Daniel Murphy put up a .322/.384/.543 line with 43 doubles and 23 home runs over 144 games and 593 plate appearances in a 4.3 fWAR season in 2017. Murphy went 4 for 22 with a double and a home run in Washington’s NLDS matchup with the Chicago Cubs, but after the Nationals’ season came to an end with a loss at home in Game 5 of the series, he underwent surgery on his right knee.
“They called it a cartilage [debridement] and a microfracture surgery,” Murphy said, in a mid-December interview with reporters.
“So from my understanding,” he continued, “I think I had a crack in my cartilage, they were able to remove some of the ‘compromised’ cartilage, microfracture [surgery] to help with the healing and begin the rehab process.”
Murphy admitted that he wasn’t sure if it was an acute injury, or a gradual one that he finally couldn’t ignore.
“I don’t know, to be honest with you, I don’t know if it’s one or the other,” the 32-year-old infielder said, “or if it’s a combination of the two, if maybe it was something acute and then the nature of what we do on a daily basis may have extended that, I honestly don’t know that.”
Murphy also admitted that at that point, two months after the surgery, he wasn’t really a patient patient.
“I think any athlete wants to be healthy, you just want to be healthy, you want to be able to do things,” Murphy said.
“And then you kind of take for granted being able to walk and being able to pick up your children, because I haven’t really been able to do that for about eight weeks, but I think also I’ve had enough people who are really, really smart in the industry say, ‘You’re going to be healthy if you treat this the right way, if you’re sensible about it.’
“And so that’s the goal right now, is just to be smart with it, I’ll be ready to play when it tells me I’m ready to play.”
Nationals’ manager Dave Martinez, who’s getting to know his team as he adjusts to his new role after ten years as a bench coach in Tampa Bay and Chicago, said at the Winter Meetings in early December that he wanted Murphy ready for Opening Day, as opposed to the start of Spring Training.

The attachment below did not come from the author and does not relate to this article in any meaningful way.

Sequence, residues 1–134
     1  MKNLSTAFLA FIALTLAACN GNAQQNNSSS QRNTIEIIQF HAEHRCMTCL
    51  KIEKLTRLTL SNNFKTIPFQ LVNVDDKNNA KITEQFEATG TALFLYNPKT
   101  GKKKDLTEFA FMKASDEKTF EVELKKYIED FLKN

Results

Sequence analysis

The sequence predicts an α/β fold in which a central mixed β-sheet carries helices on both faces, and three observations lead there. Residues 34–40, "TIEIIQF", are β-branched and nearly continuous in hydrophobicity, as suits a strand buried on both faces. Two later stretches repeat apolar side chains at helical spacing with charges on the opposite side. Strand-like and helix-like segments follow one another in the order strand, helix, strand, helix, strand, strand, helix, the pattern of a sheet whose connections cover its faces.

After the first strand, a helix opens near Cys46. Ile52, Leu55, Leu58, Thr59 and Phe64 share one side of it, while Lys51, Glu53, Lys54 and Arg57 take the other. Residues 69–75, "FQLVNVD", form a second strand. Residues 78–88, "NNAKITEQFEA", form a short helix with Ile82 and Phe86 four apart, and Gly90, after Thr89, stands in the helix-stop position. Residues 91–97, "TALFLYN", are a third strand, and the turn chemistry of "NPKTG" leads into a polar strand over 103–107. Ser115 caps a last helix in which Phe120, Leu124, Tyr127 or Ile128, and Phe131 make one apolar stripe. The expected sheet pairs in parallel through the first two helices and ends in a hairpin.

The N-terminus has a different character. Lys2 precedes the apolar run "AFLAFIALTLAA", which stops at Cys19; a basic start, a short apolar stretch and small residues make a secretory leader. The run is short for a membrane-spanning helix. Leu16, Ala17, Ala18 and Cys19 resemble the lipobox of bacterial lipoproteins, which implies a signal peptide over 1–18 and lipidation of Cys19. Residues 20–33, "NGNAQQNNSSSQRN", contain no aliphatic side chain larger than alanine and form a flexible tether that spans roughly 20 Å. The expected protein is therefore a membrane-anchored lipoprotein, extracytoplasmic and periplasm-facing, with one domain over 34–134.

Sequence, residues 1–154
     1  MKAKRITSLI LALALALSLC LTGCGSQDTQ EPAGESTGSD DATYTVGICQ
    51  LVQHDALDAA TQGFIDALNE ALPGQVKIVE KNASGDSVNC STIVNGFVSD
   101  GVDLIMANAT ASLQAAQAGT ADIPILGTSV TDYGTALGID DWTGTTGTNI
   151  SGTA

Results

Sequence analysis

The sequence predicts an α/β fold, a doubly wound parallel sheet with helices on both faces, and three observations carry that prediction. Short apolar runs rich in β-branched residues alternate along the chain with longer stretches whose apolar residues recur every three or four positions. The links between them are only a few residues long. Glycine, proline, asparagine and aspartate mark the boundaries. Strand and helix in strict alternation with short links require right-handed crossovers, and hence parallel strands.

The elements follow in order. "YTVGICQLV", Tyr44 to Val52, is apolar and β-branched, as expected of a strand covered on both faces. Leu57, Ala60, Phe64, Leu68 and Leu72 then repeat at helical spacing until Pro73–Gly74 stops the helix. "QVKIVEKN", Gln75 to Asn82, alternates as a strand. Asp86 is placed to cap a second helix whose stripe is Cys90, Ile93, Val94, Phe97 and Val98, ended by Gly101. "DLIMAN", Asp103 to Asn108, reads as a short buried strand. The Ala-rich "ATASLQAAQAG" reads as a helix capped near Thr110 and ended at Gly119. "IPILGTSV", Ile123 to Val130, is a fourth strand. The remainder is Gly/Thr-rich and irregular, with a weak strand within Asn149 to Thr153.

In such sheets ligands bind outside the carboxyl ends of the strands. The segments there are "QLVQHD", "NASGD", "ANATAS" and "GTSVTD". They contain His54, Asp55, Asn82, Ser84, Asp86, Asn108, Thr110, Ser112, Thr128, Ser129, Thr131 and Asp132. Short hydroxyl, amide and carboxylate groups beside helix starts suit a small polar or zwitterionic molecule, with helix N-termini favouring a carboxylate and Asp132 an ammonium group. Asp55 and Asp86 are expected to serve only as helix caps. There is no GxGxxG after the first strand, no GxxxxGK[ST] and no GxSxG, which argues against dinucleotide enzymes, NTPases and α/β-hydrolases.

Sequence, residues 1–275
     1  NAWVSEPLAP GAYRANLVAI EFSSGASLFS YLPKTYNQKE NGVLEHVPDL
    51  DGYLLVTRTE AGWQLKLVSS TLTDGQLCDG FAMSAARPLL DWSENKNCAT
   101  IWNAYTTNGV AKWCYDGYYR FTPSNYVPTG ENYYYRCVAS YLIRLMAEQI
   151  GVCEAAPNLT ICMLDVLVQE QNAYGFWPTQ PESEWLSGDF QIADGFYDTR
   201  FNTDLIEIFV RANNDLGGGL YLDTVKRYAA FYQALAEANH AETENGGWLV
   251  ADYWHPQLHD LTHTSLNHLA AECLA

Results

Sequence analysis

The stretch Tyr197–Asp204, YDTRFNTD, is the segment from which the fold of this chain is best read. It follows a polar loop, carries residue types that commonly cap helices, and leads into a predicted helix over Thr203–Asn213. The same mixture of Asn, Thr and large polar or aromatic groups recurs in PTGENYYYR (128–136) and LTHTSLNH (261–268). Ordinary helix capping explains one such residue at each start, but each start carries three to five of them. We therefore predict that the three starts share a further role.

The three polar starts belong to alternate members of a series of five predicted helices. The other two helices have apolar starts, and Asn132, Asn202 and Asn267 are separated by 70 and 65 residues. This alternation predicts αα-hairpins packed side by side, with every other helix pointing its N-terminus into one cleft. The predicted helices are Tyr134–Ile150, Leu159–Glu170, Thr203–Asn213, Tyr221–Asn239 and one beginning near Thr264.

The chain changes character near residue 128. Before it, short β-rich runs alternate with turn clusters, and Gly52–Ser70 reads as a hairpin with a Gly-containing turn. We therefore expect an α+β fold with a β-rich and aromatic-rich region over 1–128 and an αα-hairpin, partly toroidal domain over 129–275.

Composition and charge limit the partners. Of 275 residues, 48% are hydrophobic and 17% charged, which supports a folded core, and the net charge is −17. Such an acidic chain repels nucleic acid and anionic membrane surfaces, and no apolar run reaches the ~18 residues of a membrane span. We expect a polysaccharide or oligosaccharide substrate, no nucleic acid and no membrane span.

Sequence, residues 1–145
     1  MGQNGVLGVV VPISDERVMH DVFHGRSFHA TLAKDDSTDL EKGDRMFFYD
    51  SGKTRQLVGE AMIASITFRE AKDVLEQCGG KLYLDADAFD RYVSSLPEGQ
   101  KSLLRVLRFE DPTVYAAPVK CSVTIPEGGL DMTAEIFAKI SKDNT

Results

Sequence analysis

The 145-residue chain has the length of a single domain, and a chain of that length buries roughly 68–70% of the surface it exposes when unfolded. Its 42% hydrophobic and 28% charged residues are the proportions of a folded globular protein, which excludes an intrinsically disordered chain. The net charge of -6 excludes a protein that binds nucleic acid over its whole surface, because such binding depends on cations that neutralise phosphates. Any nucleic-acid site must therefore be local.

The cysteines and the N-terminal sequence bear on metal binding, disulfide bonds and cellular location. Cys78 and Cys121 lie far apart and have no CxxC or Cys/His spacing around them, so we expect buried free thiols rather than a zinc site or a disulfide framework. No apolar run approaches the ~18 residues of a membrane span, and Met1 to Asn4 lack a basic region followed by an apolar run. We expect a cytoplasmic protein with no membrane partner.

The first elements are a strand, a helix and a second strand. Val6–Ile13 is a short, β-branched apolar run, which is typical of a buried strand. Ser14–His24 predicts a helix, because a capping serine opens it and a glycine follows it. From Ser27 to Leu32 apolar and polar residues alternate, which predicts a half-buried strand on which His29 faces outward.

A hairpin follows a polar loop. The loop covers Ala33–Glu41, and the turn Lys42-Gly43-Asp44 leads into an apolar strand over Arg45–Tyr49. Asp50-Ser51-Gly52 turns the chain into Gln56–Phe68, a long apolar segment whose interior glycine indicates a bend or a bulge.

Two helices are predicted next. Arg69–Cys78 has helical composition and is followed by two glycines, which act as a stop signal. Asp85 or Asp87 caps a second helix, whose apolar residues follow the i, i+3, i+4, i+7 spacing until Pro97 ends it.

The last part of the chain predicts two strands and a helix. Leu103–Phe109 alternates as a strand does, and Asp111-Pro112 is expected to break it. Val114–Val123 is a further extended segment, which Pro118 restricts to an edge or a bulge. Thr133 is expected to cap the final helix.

“He feels like he’s going to be ready for Opening Day and that’s what we’re pushing for,” Martinez explained.
“That’s up to, like I said, there are no bumps in the road, hopefully we get him back for that. If we don’t we’ve got pieces to keep us afloat till he gets back, but I can’t wait till he’s fully healthy.”
“We’ve got a really good infielder in Wilmer Difo,” Nats’ GM Mike Rizzo said when he was asked if he felt they needed to address their depth at second in case Murphy is not ready for the start of the season.
“[Difo] brings a lot to the table as far as bringing Davey versatility and speed, switch hit, play great defense at shortstop and second base, can play third base, and we can throw him in the outfield. So he gives us versatility, gives us a great talent base, and he showed last year that he can play for extended periods of time and he’s a really good young player that probably deserves to have more time.”
Rizzo told reporters at WinterFest that he was happy with what he’d heard about Murphy to that point.
“I feel good about where he’s at, he feels good about it, he’s moving well, the knee has responded well.”
Murphy used crutches to get around the Walter E. Washington Convention Center last month, but Rizzo said that was out caution given the amount of walking everyone had to do at the event, but he was confident Murphy knew his own body well enough to be careful in his rehab.
“He’s a good gauge of it,” Rizzo said.
“He knows himself and he’s a veteran player who’s not going to out there before he’s ready to go out there and we feel confident about that.”
Are you as confident as Murphy and the Nationals? Will 2018, the third year of the 3-year/$37.5M Murphy signed with Washington, be his last in the nation’s capital? Will Murphy be one of the players the Nationals consider bringing back on a longer-term extension?